Google searches for new measure of skin tones to curb bias in beauty products

Alphabet Inc’s Google is developing alternatives to the current standard for classifying skin tones which to dermatologists and researchers say is inadequate for assessing whether products are biased against minorities.

The current six-color scale known as the Fitzpatrick Skin Type (FST) has been used by dermatologists since the 1970s. This same technology is now used by tech companies to categorize people and measure whether certain products such as smartwatch sensors and facial recognition systems perform equally across all skin tones. The technology in question which include four categories for ‘white skin’ and just one for each ‘brown’ and ‘black’ skin tones raise questions on lack of diversity among people of color.

In a federal technology standards conference last October, the United States Department of Homeland Security suggested that using FST for facial recognition did not accurately represent color range in diverse populations. Google, in response to Reuters, has been working to find more effective measures. “We are working on alternative, more inclusive, measures that could be useful in the development of our products,” the company said, “and will collaborate with scientific and medical experts, as well as groups working with communities of color.”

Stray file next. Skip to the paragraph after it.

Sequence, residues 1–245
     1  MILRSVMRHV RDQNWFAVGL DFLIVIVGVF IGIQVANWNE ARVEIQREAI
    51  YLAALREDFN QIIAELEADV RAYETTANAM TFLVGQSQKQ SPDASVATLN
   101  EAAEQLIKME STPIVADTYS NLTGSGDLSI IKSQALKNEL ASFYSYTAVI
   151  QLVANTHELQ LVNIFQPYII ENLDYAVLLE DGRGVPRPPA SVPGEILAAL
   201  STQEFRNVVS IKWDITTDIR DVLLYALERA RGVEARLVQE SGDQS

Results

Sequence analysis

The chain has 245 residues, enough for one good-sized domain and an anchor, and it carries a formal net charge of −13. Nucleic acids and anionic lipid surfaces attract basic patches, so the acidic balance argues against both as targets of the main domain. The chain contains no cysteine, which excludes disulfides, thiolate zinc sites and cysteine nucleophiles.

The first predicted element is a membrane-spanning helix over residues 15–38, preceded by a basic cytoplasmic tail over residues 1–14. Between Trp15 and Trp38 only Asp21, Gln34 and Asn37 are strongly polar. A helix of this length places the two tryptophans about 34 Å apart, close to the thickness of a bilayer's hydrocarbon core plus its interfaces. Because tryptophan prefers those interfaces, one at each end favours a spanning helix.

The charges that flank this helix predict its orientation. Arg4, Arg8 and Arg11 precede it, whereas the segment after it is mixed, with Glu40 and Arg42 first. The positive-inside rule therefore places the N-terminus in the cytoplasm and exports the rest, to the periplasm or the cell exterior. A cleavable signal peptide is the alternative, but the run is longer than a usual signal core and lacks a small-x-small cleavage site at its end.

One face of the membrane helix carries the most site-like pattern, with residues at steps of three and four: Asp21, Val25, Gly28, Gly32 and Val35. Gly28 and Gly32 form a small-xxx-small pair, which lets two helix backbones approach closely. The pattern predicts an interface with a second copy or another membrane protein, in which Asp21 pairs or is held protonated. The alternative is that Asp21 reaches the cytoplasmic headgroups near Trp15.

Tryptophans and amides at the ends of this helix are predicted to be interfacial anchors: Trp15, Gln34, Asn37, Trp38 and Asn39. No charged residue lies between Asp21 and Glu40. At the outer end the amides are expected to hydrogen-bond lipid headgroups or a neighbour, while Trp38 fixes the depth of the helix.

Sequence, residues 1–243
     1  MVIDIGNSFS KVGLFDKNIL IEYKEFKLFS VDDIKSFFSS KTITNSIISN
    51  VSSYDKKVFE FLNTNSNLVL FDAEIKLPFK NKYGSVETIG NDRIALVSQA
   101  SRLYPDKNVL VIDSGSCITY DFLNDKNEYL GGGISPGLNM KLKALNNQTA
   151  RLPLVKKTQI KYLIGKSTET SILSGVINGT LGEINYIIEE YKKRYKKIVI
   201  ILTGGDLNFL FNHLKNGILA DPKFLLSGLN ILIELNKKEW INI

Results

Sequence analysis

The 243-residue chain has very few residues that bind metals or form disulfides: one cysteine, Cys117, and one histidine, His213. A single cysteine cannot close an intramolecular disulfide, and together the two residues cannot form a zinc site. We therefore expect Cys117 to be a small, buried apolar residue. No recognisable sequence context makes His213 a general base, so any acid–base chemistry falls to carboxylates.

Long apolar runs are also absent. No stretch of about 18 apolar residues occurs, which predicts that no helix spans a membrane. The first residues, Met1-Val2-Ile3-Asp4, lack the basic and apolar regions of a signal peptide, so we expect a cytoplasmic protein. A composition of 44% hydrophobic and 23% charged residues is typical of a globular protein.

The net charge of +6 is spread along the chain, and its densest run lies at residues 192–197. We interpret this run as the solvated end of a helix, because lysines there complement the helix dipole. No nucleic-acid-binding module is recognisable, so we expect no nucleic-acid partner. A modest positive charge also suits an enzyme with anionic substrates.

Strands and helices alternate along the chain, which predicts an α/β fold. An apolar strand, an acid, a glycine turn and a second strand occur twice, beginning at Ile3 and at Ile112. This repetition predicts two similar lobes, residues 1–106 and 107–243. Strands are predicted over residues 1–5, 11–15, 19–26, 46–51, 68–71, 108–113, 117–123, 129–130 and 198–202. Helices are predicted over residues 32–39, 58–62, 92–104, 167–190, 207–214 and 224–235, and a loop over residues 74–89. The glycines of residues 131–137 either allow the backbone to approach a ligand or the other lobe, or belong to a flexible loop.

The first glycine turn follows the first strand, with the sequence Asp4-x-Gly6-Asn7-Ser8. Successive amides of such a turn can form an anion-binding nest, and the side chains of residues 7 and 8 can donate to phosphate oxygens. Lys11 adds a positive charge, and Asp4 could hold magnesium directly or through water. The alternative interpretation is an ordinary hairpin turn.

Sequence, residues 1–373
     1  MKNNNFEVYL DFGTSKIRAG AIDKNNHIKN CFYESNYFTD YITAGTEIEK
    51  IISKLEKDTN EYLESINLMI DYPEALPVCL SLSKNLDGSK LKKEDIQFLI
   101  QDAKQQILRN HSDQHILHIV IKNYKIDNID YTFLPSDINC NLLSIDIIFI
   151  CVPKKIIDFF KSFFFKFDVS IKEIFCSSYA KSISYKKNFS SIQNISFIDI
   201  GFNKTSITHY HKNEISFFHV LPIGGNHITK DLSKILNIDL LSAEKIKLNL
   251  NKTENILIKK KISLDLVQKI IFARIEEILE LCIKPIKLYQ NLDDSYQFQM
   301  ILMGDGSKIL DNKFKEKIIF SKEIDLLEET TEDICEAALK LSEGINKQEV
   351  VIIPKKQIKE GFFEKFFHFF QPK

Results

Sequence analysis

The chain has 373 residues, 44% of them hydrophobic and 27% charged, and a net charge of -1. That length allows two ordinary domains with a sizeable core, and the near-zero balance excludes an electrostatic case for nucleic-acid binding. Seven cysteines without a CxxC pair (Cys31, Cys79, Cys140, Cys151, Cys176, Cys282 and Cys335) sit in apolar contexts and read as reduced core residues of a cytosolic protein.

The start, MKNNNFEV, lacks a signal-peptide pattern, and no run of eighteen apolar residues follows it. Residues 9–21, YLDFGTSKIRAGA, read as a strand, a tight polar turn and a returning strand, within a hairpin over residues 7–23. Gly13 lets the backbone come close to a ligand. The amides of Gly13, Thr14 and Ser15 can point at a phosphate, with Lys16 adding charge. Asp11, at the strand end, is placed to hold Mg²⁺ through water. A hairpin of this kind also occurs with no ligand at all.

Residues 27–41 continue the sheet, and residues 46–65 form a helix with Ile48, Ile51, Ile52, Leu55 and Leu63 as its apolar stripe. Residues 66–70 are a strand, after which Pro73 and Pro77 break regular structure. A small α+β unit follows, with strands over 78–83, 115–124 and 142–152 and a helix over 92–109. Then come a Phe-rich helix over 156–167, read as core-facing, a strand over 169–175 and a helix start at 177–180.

This is not the first time that Google has addressed this. In February, the company announced that cameras on Android phones that could measure pulse rates by fingertip, it said that there was on average an error of 1.8% regardless of skin tone. Google also made similar claims that skin type would not affect the results of backgrounds on video chats, or a new tool that identifies skin conditions.

The FST was invented by the late Harvard University dermatologist Dr. Thomas Fitzpatrick. The scale was originally used to personalize ultraviolet radiation treatment for psoriasis. He grouped the ‘white’ skin with Roman numerals I to IV by asking how much sunburn or tan one would develop after certain periods of sun exposure.

It was not until ten years later that type V for ‘brown’ and VI ‘black’ were added to the scale. This scale is used to test sunblock products, however, many dermatologists argue that the scale is outdated and an inadequate representation of darker skin tones. “Many people would assume I am skin type V, which rarely to never burns, but I burn,” said Dr. Susan Taylor, a University of Pennsylvania dermatologist [Reuters].


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